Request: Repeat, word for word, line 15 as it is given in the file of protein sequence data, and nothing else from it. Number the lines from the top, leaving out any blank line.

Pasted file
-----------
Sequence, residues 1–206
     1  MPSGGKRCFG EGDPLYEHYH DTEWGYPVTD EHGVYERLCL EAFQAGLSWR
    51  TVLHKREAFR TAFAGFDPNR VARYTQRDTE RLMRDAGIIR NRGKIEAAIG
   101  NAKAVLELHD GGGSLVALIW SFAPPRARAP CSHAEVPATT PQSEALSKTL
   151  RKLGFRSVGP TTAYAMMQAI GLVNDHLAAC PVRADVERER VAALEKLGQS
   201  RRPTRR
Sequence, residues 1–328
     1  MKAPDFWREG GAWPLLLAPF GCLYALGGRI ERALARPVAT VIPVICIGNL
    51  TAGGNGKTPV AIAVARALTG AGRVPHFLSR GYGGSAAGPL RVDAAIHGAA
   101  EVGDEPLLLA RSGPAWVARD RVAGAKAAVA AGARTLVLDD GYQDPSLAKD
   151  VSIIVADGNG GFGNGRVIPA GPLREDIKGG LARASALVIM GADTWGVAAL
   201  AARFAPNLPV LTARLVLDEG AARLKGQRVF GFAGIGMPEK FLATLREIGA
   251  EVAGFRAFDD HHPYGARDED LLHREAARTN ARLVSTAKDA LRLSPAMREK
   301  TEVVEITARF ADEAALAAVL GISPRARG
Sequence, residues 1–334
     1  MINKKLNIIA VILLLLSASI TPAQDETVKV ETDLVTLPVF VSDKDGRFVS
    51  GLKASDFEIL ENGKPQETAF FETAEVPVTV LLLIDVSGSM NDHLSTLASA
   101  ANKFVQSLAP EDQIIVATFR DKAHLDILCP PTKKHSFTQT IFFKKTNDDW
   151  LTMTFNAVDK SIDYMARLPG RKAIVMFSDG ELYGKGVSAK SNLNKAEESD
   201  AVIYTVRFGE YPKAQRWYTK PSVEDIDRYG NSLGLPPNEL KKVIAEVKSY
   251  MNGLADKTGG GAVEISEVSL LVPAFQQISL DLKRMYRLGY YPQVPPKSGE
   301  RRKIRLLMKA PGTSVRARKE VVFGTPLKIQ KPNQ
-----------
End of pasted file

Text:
Sequence, residues 1–334